Lake Evaporation in the Atmosphere Project (LEAP)

Wednesday, May 22nd, 2019

As the climate continues to warm, better understanding of regional climate dynamics is becoming ever more important, both for improved severe weather forecasting and long-term climate projections. A key limitation in the Midwest region, however,  is our ability to model the Great Lakes system. Because the Great Lakes are so expansive, they are a large source of the moisture and energy that fuels convective storms and lake effect snow. But we don’t know enough about the interconnections between the land, water, and atmosphere to model the system. The Lake Evaporation in the Atmosphere Project (LEAP) is a collaborative effort between the Earth, Atmospheric, and Planetary Sciences and the Chemistry departments at Purdue working to better understand these interactions.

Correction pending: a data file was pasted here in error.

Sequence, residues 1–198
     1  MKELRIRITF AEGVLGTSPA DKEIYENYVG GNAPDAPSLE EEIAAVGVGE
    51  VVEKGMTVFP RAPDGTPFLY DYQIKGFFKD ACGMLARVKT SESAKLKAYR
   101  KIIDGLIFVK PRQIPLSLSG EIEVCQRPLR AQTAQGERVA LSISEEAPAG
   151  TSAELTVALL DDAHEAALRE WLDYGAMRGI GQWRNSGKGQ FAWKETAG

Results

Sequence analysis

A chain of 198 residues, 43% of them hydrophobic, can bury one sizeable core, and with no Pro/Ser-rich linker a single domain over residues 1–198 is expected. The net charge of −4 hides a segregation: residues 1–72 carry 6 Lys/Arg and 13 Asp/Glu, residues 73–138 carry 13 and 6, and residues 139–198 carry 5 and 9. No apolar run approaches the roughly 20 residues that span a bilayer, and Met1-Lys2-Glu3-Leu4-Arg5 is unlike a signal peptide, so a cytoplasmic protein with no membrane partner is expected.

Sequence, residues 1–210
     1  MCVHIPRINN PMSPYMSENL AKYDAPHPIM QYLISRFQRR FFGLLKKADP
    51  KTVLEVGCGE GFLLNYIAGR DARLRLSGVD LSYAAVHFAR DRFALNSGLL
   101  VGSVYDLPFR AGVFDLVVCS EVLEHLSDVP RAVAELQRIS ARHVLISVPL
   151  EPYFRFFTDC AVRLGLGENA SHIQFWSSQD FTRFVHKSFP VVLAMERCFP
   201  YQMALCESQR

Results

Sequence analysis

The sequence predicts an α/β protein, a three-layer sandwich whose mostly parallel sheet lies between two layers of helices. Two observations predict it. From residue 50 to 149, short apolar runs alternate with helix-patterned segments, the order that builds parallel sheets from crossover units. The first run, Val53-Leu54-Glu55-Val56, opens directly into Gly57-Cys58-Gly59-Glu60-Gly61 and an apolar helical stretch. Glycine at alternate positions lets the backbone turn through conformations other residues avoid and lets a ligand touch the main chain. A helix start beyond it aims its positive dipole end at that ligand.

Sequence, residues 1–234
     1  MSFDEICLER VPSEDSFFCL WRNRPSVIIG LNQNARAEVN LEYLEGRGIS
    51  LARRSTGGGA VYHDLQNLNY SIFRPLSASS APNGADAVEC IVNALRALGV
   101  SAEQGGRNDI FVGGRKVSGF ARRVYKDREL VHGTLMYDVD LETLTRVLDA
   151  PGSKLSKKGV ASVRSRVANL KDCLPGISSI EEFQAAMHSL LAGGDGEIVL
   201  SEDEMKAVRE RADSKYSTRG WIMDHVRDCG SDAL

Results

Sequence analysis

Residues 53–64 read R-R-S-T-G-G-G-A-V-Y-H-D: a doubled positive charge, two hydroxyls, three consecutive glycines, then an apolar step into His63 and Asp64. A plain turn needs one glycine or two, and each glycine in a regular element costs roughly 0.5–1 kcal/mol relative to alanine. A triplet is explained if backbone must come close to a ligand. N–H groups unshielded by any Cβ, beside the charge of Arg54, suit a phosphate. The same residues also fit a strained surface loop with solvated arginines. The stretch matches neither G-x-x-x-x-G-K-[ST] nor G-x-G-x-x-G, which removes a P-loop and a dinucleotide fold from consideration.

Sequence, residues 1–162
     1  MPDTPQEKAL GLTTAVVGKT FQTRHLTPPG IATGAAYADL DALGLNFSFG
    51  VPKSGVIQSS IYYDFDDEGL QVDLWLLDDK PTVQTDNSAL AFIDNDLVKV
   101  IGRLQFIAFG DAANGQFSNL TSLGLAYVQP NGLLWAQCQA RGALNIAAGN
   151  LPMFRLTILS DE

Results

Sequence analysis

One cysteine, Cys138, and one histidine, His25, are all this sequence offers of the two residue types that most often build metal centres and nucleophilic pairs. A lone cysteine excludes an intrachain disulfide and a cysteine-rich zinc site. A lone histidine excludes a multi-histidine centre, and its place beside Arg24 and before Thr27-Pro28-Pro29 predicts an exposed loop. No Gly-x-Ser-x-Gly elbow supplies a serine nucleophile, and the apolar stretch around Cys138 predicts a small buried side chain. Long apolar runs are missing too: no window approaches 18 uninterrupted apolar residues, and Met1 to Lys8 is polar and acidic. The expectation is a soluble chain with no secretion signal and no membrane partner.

Professors Lisa Welp, Paul Shepson, Mike Baldwin, and their research groups have teamed up to make direct measurements of lake influence by analyzing water vapor stable isotopes from instruments on-board Purdue’s Airborne Laboratory for Atmospheric Research. The team flew upwind and downwind of Lake Michigan collecting data on the water content of the air as the wind blows it across the lake. Vertical profiles of water vapor mixing ratios and isotope ratios show that as an air mass crosses over an increasing large area of Lake Michigan, it increases in both water vapor concentration and deuterium isotope values, demonstrating the lake’s influence on atmospheric moisture. Graduate student Ali Meyer is continuing to analyze and explore the isotopic measurements from these initial scouting flights to estimate the relative amount of lake influence on the downwind atmosphere and the extent to which that moisture influences higher levels of the atmosphere. These observations will ultimately be used to improve weather forecasting and regional climate modeling.

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